Advisers must consider the potential risks of SMSFs, alternatives to such a fund structure and correct record-keeping as essential to their process when providing advice to clients who are considering establishing an SMSF, a technical expert has said.
In a blog post on the SuperConcepts website, technical services and education general manager Peter Burgess pointed to the Australian Securities and Investments Commission’s (ASIC) Report 575, which revealed over 90 per cent of the 250 client files reviewed contained substandard advice on setting up an SMSF.
Burgess cited the report’s guidelines for advisers to help improve the quality of their advice and highlighted three tips as still being critical for advisers a year after the report’s release.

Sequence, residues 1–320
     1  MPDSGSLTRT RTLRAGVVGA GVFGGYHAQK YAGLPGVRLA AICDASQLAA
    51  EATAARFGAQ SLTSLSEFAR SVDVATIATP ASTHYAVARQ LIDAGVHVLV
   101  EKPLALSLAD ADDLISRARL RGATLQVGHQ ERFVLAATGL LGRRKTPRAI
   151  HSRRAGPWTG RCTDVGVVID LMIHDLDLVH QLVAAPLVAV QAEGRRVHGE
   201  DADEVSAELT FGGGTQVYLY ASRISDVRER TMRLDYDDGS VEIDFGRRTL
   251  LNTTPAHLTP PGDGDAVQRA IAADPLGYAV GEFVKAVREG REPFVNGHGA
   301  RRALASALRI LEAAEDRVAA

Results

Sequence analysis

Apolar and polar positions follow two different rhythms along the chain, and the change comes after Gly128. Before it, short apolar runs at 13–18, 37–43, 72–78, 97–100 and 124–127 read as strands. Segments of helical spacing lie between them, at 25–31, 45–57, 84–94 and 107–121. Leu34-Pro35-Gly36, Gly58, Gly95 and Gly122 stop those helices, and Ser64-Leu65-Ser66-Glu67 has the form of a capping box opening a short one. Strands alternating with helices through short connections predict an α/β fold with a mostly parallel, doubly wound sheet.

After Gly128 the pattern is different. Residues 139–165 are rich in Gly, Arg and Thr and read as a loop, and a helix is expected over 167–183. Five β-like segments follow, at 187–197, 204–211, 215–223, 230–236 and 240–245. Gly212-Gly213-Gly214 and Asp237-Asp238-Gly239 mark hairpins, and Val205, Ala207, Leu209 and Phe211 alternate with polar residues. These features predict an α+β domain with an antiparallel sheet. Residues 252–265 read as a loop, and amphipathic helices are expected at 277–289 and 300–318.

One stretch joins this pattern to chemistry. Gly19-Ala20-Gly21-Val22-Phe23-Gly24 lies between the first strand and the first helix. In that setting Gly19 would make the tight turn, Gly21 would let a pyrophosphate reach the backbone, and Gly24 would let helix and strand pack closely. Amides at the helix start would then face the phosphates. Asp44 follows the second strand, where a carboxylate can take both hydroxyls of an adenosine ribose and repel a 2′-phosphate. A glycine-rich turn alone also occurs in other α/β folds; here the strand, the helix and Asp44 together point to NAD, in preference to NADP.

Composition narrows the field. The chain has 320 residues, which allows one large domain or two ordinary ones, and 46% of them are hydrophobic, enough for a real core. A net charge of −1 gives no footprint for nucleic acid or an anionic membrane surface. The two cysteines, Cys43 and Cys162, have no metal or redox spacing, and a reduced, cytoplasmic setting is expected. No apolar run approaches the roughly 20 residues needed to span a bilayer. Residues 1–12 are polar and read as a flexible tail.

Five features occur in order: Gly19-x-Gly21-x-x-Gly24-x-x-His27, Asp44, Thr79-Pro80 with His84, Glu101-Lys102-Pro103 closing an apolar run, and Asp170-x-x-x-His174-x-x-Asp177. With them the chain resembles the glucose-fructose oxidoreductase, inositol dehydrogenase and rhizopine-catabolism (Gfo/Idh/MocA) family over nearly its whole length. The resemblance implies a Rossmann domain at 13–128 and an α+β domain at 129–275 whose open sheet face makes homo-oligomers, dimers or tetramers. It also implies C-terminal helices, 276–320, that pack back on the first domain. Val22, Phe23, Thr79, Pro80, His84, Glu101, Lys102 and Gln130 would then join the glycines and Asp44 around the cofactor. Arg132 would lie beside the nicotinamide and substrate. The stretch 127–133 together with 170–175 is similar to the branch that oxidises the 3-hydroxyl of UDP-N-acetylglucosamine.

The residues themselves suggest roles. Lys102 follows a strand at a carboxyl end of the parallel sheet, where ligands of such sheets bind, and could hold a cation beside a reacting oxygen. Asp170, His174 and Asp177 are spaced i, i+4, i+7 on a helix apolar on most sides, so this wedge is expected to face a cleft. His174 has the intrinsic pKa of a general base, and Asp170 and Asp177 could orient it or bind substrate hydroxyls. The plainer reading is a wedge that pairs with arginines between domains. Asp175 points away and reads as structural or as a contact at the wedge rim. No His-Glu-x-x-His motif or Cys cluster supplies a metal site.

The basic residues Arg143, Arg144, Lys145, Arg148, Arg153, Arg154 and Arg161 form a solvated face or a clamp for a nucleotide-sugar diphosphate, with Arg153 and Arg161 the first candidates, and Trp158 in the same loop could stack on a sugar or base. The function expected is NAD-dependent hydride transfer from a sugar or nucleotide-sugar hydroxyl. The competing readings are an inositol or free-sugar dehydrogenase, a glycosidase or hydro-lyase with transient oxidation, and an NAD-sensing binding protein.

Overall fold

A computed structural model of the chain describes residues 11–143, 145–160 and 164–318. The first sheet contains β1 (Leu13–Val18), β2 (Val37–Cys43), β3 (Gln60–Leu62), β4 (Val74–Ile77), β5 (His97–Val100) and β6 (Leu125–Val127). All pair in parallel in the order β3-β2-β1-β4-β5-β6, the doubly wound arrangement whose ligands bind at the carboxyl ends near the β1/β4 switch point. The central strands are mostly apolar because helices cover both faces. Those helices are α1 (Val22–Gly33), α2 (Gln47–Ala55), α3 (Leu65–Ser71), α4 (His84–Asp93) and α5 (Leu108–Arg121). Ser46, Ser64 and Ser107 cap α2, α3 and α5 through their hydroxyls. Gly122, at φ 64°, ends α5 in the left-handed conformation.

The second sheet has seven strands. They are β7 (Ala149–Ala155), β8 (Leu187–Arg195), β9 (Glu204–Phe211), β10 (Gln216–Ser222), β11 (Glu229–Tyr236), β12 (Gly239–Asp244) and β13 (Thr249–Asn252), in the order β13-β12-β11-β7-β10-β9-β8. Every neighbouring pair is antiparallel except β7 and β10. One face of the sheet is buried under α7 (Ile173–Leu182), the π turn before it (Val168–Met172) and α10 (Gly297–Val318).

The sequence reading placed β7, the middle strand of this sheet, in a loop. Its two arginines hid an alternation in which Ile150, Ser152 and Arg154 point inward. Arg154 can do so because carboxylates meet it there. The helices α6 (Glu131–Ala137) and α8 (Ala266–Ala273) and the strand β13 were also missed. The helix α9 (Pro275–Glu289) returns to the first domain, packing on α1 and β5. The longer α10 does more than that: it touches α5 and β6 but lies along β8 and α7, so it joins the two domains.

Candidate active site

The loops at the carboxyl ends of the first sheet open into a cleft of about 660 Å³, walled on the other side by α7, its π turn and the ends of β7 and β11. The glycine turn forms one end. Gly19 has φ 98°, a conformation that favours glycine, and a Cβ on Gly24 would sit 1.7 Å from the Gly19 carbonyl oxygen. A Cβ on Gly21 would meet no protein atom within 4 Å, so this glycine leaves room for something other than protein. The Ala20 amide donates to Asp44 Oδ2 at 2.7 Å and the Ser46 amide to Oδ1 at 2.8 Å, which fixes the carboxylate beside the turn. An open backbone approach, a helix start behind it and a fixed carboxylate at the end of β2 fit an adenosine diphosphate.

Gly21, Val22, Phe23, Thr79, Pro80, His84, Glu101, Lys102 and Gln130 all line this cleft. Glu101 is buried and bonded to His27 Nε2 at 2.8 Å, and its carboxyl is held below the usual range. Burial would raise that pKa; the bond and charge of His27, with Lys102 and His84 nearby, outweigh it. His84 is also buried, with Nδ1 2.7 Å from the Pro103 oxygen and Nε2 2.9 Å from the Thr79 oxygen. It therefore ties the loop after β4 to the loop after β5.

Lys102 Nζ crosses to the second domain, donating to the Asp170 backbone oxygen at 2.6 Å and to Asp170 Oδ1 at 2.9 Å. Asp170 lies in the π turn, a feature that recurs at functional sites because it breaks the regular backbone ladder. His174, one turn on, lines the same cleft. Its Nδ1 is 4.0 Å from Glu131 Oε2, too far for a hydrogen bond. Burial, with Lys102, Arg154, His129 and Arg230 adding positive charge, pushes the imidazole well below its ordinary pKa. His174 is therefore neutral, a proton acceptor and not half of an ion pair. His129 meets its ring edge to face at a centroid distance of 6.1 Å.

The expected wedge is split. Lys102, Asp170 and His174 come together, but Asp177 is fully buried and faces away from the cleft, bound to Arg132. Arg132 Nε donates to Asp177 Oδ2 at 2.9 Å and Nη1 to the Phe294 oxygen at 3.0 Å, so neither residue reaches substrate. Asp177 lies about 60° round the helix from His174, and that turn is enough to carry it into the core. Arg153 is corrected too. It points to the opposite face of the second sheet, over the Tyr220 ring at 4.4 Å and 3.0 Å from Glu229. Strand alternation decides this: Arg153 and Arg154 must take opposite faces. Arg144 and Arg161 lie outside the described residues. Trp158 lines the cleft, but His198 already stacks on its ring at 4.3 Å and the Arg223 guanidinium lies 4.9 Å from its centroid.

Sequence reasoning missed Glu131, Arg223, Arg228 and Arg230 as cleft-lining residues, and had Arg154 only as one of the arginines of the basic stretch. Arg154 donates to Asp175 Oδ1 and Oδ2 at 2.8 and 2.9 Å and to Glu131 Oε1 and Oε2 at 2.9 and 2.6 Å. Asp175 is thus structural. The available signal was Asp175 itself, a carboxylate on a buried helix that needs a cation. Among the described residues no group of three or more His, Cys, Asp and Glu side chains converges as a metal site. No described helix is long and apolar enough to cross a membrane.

Disclosing the risks of an SMSF structure, assessing the alternatives to such a structure and record-keeping were vital to giving the best quality advice, he said.
He highlighted the risks outlined in ASIC information sheet INFO 205, published in 2015, as being important for advisers to cover with clients when disclosing the potential risks of an SMSF structure.
“While these are the risks that should always be canvassed with clients, there may be other specific risks particular to the client’s circumstances that should also be discussed and disclosed,” he added.
When assessing the alternatives to an SMSF, he said advisers should be able to clearly answer the questions “why not an APRA (Australian Prudential Regulation Authority)-regulated fund and why an SMSF?” as part of their advice process.
He also outlined the importance of keeping accurate client file notes for the duration of the advice process.
“This is particularly important when providing a recommendation to establish an SMSF as the adviser needs to be able to demonstrate that they have informed the client of the risks and obligations of being an SMSF trustee, have evaluated the alternatives and that they have assessed the client to be suitable to be an SMSF trustee,” he noted.